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When he came to Johannesburg in 1951 at the invitation of Drum owner Jim Bailey to come and edit the magazine, Anthony Sampson had very little knowledge of the craft or the African continent.
Sampson says: "In fact, I was restless, rebellious and unqualified for any structured career (at the time)." But he had the aptitude, a realisation which prompted him to observe: "I did not realise those were in fact ideal qualifications for journalism."
He says he suffered from something called the insanabile cacoethes scribendi, the incurable mania for writing - and between the time he entered the Drum newsroom to his death at 78, he'd authored 20 bestselling books.
Sampson is best remembered for his seminal works in his country of birth, Anatomy of Britain,which gave rise to the title of this autobiography.
To South Africans, it is his authorised biography of Nelson Mandela more than his work at Drum in the 1950s that had endeared him to the hearts of many.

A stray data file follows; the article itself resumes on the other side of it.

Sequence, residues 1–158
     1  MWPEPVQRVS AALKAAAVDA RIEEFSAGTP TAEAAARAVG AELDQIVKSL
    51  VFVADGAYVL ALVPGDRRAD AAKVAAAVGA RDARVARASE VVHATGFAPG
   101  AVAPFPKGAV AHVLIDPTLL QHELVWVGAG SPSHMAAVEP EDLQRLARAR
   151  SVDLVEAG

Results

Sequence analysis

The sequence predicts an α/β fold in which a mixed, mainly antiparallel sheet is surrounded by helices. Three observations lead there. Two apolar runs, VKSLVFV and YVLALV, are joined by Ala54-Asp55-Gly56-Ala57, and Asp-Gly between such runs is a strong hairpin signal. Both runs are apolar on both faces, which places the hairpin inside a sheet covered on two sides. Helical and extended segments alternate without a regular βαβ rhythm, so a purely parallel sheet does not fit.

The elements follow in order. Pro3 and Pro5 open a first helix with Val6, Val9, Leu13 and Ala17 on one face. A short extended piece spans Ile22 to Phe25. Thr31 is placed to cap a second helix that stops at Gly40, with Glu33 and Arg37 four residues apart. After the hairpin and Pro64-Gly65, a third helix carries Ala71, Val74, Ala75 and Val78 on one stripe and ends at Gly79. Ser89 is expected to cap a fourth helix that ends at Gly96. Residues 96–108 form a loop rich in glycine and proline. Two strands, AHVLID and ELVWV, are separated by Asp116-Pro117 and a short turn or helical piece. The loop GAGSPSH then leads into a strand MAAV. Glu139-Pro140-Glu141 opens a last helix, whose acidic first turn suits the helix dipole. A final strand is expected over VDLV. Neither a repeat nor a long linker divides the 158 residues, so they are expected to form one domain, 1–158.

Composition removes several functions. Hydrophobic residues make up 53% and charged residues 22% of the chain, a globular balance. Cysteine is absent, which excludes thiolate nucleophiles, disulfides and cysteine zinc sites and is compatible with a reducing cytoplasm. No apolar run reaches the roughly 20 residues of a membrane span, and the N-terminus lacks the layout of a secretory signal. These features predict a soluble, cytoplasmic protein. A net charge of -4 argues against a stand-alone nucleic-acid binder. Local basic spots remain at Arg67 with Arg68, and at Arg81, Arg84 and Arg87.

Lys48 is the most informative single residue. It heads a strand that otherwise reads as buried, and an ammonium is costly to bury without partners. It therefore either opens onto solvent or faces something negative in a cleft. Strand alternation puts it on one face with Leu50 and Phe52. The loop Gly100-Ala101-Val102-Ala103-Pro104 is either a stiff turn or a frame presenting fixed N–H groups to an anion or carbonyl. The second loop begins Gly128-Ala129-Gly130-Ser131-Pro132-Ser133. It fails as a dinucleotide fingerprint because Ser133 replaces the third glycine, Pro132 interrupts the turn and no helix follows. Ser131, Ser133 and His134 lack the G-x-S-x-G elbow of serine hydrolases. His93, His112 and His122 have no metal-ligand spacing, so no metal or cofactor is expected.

Through his pen and incisive mind, he mixed with the high and mighty wherever he went, be it in his native Britain, US or South Africa.
He was held in awe by the very captains of industry whose corruption he exposed in his articles about the arms and oil scandals. Through his connections, he was always privy to damning evidence related to the subjects of his articles. As an investigative reporter, he had the unparalleled luck of being at the right place at the right time.
Luckily for those wishing to follow in his footsteps, proceeds from the book will go towards funding study programmes for investigative journalists.
Any journalist reading this will be left green with envy at the vast network of contacts Sampson had a direct line to, in whatever story he did. He was on first-name terms with the bosses of the oil companies he investigated. Even in the arms trade, he was wined and dined by the top brass of the business, like the filthy-rich Adnan Kashoggi.
Africa became his playground as he sourced his information from the very top, like Julius Nyerere. The book is dedicated to Nadine Gordimer, an old friend he knew in the early days of the struggle against apartheid.
It is not only an ode to South Africa but it is also a celebration of a life well lived.